COVID-19 top issue for US voters as pandemic rages, survey says

The pandemic weighs heavy on voters’ minds, many of whom say they are voting based on President Trump’s leadership.

People line up to vote, on Election Day, Tuesday, November 3, 2020, in Honolulu, Hawaii, US [Marco Garcia/AP Photo] (AP Photo)

With the coronavirus surging again, voters ranked the pandemic and the economy as top concerns in the race between President Donald Trump and Democratic rival Joe Biden, according to AP VoteCast, a national survey of the electorate.

Voters were especially likely to call the public health crisis the nation’s most important issue, with the economy following close behind.

Fewer named healthcare, racism, law enforcement, immigration or climate change.

After eight months and at least 232,000 deaths, the candidates faced a dissatisfied electorate. Many voters said they have been personally affected by the virus. Roughly six in 10 said the country is going in the wrong direction.

US President Donald J. TrumpTrump walks to the South Lawn of the White House before boarding Marine One in Washington, DC, on his way to Walter Reed National Military Medical Center to be treated for COVID-19 in early October [File: Sarah Silbiger /Pool/EPA]

The survey found that Trump’s leadership loomed large in voters’ decision-making. Nearly two-thirds of voters said their vote was about Trump – either for him or against him.

Here is a snapshot of who voted and what matters to them, based on preliminary results from AP VoteCast, a nationwide survey of more than 127,000 voters and non-voters conducted for The Associated Press by NORC at the University of Chicago.

Facing the pandemic

About four in 10 voters said the coronavirus pandemic is the top issue facing the nation. Roughly three in 10 called the economy and jobs most important. Trump, who has been criticised for his administration’s response to the pandemic, sought to focus his campaign on the pre-pandemic economy.

Biden promised to reverse course on Trump’s “surrender” to the coronavirus at an Iowa campaign rally before election day.

“It’s very easy to be critical after we look back,” Republican strategist Janelle King told Al Jazeera, who defended the president’s handling of the pandemic.

She said Trump “acted very swiftly” by shutting down US borders to try to contain a virus that swept the country – and the world – without warning.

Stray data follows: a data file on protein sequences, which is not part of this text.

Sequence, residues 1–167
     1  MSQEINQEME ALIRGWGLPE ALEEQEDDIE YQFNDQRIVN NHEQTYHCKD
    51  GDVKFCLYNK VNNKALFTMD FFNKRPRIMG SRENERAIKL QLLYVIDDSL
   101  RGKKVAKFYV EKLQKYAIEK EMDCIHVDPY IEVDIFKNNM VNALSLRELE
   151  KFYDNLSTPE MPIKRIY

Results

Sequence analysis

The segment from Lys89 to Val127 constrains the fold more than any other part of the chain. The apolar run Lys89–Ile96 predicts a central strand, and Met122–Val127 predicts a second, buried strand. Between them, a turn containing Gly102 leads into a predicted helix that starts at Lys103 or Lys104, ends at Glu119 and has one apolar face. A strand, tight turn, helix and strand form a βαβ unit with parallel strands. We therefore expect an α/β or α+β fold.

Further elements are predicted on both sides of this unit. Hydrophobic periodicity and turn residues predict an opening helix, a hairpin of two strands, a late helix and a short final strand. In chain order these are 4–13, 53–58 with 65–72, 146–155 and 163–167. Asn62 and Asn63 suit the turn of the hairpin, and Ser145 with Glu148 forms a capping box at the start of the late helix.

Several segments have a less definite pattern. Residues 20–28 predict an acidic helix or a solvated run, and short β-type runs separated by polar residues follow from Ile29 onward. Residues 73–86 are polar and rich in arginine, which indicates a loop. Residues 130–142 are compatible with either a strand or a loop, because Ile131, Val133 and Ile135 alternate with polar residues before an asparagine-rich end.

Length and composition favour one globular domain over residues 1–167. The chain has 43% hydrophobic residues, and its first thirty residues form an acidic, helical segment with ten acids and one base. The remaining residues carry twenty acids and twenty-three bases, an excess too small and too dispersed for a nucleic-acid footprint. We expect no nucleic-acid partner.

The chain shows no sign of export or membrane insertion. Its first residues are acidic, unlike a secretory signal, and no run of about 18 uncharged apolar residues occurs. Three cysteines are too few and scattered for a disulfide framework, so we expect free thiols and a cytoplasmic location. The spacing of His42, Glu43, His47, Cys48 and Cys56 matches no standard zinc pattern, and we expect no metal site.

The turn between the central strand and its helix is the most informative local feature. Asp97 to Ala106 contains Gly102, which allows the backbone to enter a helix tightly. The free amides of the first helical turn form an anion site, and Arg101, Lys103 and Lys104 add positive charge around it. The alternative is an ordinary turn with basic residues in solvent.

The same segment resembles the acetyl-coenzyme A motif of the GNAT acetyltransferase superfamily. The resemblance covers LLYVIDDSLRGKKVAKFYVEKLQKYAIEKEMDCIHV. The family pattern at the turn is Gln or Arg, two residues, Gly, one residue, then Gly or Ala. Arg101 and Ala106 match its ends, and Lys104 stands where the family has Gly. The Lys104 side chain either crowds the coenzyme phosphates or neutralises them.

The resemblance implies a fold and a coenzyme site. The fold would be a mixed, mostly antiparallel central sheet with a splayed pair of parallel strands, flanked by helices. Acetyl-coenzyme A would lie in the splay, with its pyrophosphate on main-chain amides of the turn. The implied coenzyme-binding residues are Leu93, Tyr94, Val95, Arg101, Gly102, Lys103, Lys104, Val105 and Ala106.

“He did that because he knew he had to protect the people here in America and I’m happy for that,” King said.

Voters were more likely to think the government should prioritise limiting the spread of the coronavirus – even if it damages the economy – than to say the economy should be the top priority.

Roughly half of voters said the coronavirus situation in the US is not at all under control. About six in 10 voters said the economy is in poor shape, while about four in 10 said economic conditions are excellent or good.

From lost jobs and income to missed milestones, voters felt the impact of the pandemic personally as the coronavirus swept the country.

INTERACTIVE-Electoral College forecasts-geographicA forecast of electoral outcomes for US states on Election Day [Alia Chughtai/Al Jazeera]

An overwhelming majority of voters said the coronavirus pandemic has affected them personally. About four in 10 said their household lost a job or income. Roughly half said they missed out on a major event, and about two in 10 said that a close friend or family member died from the virus.

Voters see their financial situations as holding steady despite the fragile economy. About seven in 10 said their personal finances are stable; roughly two in 10 said they are falling behind. Just about one in 10 said they are getting ahead financially.


Voters did not stay on the sidelines, with experts predicting total votes will exceed the 139 million cast in 2016. About 101 million people voted ahead of election day.

Roughly three-quarters said they have known all along who they were supporting in this election.

Michigan PrimaryVoters arrive with masks in light of COVID-19 health concerns at Warren E Bow Elementary School in Detroit, Michigan [Paul Sancya/AP Photo]

Voters were measured in their confidence that the vote count would be accurate – despite Trump seeking to sow doubts about the integrity of the vote count.

About a quarter of voters said they were very confident that the votes in the election will be counted accurately, while four in 10 were somewhat confident. Roughly three in 10 said they were not confident in an accurate vote count.

Racial Unrest

After a summer of protests and sometimes violent clashes over racial inequality in policing, about half of voters call racism a “very serious” problem in US society. Roughly three in 10 say it is somewhat serious; about two in 10 say it is not a serious problem. Similar numbers call racism a serious problem in policing in this country.

About a third of voters said police in the US are too tough on crime; fewer – about a quarter – said police are not tough enough. About four in 10 think police handle crime appropriately.

But compared with the pandemic and the economy, relatively few voters – about one in 10 – deemed racism or law enforcement the country’s top issue. Even fewer, four percent, called law enforcement the most important.

Source: Al Jazeera and news agencies

More from News
Most Read